The search yielded 29 original research papers (85 intervention arms) [36-64]. An overview of the study characteristics can be found in Multimedia Appendix 3 [36-64]. The results of the individual persuasive strategies are presented below. For each strategy, first, a short description or definition is provided. Second, a summary of the identified implementations and designs in the intervention arms is provided (a complete overview can be found in Multimedia Appendix 3). Third, an overview is given of which implementations have proven to be an effective addition in an intervention. Finally, the findings of studies that compared designs and implementations of strategies are provided.

Persuasive Strategy: Monitoring

Monitoring involves keeping track of your behavior or behavior outcomes [9]. Traditionally, users had to actively track their own PA behaviors (eg, by means of questionnaires and self-logging); however, nowadays, PA tracking can also be performed passively by using mobile devices, without posing a burden to the user. Almost all of the included studies used monitoring of behavior (28 studies and 82 intervention arms), apart from [54].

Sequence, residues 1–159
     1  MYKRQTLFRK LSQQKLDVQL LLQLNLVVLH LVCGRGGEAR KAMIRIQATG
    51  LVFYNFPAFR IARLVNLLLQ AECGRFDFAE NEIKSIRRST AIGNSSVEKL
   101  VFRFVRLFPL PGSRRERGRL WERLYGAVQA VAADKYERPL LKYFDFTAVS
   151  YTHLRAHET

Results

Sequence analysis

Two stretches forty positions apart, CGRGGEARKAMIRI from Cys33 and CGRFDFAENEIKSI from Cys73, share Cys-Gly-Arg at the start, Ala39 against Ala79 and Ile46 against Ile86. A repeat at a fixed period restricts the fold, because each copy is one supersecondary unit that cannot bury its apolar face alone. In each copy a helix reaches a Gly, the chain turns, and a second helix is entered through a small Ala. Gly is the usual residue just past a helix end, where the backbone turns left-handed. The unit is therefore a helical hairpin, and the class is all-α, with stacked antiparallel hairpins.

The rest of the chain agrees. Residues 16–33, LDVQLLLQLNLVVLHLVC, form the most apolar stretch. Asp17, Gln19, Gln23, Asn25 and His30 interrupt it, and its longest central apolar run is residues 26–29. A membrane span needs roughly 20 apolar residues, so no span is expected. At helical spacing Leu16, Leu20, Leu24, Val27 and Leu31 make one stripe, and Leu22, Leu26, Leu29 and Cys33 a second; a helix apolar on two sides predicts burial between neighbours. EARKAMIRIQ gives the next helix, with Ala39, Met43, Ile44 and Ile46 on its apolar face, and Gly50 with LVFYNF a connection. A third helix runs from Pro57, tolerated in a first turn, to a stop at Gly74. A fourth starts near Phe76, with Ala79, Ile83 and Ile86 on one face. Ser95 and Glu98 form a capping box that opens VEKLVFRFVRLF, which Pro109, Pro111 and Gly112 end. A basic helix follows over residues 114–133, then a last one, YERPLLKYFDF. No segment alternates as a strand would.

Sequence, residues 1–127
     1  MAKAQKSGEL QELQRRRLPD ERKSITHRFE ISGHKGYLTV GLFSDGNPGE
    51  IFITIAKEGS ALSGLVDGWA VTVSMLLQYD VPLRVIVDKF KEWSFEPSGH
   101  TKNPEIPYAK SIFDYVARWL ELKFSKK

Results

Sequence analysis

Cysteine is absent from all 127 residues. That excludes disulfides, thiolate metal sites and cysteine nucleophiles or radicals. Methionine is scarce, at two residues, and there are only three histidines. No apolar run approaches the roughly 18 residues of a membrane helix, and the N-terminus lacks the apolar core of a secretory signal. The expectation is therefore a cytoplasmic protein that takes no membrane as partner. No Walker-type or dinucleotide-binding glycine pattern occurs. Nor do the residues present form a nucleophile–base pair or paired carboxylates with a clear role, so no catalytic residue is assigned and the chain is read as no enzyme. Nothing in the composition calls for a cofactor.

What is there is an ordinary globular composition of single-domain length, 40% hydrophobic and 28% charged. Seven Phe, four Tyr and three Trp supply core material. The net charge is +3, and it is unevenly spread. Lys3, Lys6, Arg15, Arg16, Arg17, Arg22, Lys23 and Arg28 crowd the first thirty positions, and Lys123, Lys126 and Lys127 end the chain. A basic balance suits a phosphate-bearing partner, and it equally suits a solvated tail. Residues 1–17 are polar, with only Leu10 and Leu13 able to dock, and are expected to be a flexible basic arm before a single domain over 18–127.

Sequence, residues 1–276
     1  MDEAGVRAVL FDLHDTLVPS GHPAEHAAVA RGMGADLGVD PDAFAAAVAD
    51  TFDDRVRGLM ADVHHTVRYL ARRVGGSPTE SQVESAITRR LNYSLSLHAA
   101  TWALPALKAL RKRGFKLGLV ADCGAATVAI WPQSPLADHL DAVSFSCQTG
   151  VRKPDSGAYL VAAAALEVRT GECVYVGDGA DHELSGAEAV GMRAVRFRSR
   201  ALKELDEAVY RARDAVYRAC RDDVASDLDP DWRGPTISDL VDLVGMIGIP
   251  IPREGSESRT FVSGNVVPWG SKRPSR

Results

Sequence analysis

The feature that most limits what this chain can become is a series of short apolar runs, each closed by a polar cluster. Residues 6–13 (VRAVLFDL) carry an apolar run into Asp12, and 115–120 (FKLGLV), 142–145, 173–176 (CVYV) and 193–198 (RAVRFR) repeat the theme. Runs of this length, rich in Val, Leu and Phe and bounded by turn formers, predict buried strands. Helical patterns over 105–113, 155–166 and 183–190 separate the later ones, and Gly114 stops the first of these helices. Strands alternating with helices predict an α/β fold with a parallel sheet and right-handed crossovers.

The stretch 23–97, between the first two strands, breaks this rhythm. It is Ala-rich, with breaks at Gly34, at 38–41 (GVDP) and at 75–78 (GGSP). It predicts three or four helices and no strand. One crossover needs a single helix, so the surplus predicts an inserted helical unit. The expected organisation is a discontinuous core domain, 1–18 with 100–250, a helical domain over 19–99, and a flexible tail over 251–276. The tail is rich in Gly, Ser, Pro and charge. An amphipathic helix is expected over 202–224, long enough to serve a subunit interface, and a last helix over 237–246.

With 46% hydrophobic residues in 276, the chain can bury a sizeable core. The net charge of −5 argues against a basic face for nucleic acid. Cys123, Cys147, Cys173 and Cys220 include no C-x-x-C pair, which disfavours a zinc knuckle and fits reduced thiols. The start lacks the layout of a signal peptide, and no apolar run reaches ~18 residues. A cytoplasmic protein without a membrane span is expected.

Design and Technical Implementations

With regard to the technical implementation, 7 different delivery systems were identified that enabled monitoring (for instance, mobile apps [n=46] and SMS functions [n=4]). Most interventions used a combination of 2 systems (mean 1.68). The elements that were used were either related to active self-monitoring (ie, data entry field [n=42]) or passive recordings of behaviors (n=77; eg, accelerometer [n=77], GPS [n=2]). Although most studies used passive tracking, users often had to track their behavior themselves as well. With respect to the design characteristics, many different behavior types were monitored (n=8) and 4 specific monitoring characteristics were identified (such as the option to correct automatically logged data). More details on the various implementations and design characteristics can be found in Multimedia Appendix 3.